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Is someone you care about unsafe?

If it is an emergency or someone is in danger, call 111. You can call 111 even if you have no credit.

If you have concerns about someone's safety, if they have told you they are feeling unsafe in their relationship, or if they have been harmed, there are things you can do to ensure they get the help and support they need.

Believe them: If someone has told you that they aren’t feeling safe or have been harmed, it’s really important that you listen to them and believe them. Don’t act like they’re making things up or trying to get attention. Tell them you believe them. It takes a huge amount of kaha (courage) for someone to kōrero (talk) about feeling unsafe in a relationship. Knowing they are believed is extremely important.

Ask the right pātai (questions): Allow the other person the space to tell you the amount of information they are comfortable with, but don’t ask for further details. It can be distressing for them if they are made to talk about their abuse. Instead, ask open-ended pātai (questions) about how they are now and what support they need.

Offer tautoko (support): Let them know that you will be there for them if they want you to be. This being said, do make sure that you only offer what you are able to give in terms of support. Your safety and well-being are also important.

Don’t take over: It can be tempting to want to jump in and try to fix the situation by offering advice or coming up with solutions ourselves. However, it’s important that the other person isn’t pressured into making decisions they’re not comfortable with, or are made to feel as though they no longer have a say in the matter. Let them take the lead.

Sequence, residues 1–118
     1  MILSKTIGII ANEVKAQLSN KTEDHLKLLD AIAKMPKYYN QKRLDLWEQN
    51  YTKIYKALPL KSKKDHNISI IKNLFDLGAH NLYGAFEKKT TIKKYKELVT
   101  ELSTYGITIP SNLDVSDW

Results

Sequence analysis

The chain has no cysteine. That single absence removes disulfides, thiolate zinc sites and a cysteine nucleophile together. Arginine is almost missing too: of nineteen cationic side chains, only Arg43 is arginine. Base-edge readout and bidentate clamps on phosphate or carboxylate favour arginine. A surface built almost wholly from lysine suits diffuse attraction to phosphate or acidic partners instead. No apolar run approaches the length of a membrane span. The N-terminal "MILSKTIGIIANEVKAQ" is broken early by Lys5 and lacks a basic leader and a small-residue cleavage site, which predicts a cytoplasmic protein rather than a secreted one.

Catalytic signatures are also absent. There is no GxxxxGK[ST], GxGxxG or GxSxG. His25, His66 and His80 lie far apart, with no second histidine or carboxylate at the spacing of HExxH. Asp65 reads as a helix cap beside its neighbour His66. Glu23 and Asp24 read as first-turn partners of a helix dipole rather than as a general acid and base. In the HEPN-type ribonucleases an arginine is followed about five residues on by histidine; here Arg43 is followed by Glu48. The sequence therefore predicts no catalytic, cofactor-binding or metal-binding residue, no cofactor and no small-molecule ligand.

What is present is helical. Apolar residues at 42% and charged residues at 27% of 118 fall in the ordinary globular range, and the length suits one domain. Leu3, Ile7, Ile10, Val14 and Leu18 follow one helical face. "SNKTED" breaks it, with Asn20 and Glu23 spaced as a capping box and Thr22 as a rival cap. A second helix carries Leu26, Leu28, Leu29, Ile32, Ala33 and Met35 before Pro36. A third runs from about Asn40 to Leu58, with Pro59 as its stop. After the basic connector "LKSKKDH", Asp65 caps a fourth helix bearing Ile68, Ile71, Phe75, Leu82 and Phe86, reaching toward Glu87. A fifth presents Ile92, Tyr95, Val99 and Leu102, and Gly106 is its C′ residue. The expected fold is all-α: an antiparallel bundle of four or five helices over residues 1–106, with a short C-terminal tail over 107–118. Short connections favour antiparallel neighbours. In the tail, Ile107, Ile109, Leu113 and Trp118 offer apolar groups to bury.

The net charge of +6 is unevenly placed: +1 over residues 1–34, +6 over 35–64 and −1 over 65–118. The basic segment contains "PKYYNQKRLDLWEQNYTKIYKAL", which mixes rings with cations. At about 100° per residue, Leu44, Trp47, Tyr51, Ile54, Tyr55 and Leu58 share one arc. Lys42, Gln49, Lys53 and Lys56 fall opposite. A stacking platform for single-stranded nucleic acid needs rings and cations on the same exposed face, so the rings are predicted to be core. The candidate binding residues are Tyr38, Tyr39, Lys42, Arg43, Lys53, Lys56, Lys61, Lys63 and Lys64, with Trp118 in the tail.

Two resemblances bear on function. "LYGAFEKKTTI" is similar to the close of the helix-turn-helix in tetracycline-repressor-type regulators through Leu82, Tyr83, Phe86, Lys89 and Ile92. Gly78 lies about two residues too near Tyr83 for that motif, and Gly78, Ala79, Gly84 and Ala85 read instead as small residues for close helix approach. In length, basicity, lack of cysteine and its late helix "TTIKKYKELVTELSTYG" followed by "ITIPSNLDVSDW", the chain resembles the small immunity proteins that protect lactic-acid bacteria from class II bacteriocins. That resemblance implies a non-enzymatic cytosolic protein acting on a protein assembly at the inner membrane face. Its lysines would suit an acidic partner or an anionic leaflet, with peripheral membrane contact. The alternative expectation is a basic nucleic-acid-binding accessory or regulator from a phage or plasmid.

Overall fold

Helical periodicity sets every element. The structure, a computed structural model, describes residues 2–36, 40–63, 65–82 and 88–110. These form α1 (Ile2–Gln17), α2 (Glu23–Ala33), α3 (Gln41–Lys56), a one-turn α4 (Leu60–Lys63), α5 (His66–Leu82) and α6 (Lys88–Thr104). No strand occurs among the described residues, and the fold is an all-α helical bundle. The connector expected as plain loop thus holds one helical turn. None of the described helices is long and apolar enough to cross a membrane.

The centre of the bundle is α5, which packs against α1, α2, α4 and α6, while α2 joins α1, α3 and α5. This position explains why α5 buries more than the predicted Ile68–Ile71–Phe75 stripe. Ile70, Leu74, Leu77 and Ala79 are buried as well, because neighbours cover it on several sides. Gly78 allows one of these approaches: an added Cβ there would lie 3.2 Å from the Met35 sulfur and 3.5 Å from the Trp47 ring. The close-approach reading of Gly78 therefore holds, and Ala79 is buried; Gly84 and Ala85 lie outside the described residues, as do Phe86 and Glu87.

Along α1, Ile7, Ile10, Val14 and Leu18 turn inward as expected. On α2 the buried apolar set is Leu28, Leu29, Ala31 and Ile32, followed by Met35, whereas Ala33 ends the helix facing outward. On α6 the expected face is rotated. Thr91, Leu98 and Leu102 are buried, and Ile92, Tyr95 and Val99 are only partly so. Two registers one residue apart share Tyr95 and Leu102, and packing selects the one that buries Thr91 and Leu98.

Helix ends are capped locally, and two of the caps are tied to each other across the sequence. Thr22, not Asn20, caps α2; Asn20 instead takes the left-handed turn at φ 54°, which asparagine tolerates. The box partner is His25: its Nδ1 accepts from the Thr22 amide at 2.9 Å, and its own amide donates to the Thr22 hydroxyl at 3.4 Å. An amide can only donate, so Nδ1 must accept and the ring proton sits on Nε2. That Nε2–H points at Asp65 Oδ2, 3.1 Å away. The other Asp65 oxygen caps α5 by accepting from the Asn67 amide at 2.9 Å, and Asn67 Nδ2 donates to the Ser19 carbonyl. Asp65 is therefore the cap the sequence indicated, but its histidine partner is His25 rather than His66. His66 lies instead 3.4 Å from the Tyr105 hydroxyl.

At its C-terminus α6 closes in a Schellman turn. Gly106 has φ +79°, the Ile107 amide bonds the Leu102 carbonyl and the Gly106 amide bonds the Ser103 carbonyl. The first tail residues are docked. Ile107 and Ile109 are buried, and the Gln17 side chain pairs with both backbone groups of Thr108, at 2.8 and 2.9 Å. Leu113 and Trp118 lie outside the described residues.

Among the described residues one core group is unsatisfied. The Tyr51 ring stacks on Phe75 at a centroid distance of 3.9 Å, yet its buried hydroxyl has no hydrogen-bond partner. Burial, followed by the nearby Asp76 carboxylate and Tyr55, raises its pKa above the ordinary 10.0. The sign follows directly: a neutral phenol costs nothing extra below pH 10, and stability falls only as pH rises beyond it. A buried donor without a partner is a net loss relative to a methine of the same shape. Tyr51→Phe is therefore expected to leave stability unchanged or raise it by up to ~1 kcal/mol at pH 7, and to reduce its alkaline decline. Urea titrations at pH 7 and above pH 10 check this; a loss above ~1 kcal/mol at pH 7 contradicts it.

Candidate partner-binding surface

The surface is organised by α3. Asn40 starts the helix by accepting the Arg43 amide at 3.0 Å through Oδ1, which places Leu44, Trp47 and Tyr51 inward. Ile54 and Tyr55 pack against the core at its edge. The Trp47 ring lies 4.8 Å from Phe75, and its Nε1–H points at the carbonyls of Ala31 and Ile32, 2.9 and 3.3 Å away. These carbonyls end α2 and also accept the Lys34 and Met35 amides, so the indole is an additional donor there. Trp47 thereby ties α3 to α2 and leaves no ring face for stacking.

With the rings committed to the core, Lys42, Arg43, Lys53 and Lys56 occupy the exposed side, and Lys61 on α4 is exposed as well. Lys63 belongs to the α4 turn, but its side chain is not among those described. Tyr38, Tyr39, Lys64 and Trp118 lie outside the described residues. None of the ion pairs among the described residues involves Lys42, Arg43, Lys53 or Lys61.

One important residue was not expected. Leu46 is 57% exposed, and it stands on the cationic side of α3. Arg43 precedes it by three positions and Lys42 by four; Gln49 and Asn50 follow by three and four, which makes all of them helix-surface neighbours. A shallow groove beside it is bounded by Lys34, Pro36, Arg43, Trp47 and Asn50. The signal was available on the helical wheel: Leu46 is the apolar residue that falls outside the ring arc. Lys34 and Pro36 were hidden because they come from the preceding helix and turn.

Involve the right people: Knowing that someone you care about isn’t safe can be a lot to take in. Remember, you are not their counsellor and you can't fix the situation all by yourself. It is important that they share information about the abuse with an adult they trust, or someone at a dating violence support service.

You can ask the other person if there is an adult they feel comfortable talking to. Is there a particular kaiako (teacher) at kura (school) they’d prefer to speak to? Would they prefer to kōrero (speak) with your parent/guardian instead of their own? You could also help them search for support services online. Here are some services to consider:

How to ask in Te Reo Māori if they are okay

They might ask you not to tell anyone about what is going on. If abuse is happening to them or they are in immediate danger of being abused, then you need to share this information with an adult you trust. This can be hard as it goes against what they have said, but their safety comes first. Let them know you really care about them and want to make sure they’re going to be okay.

It is important not to spread information about personal experiences of abuse around at kura (school), kāinga (home) or mahi (work). Information like this is not gossip, and you owe it to the other person to respect them.

Are you concerned about someone’s safety?

If you are concerned about the safety of someone you care about, it is important to check in and have a conversation with them. This can be awkward, but it’s important that you can share your concerns with them.

  • Start by letting them know that you care about them. This is why you feel it is necessary to ask how they are in their relationship, and share your concerns about it.
  • Share with them what you have been noticing and why it worries you.
  • Encourage them to speak to a trusted adult or a dating violence support service. 
Related topics
What is dating violence?
What words work best?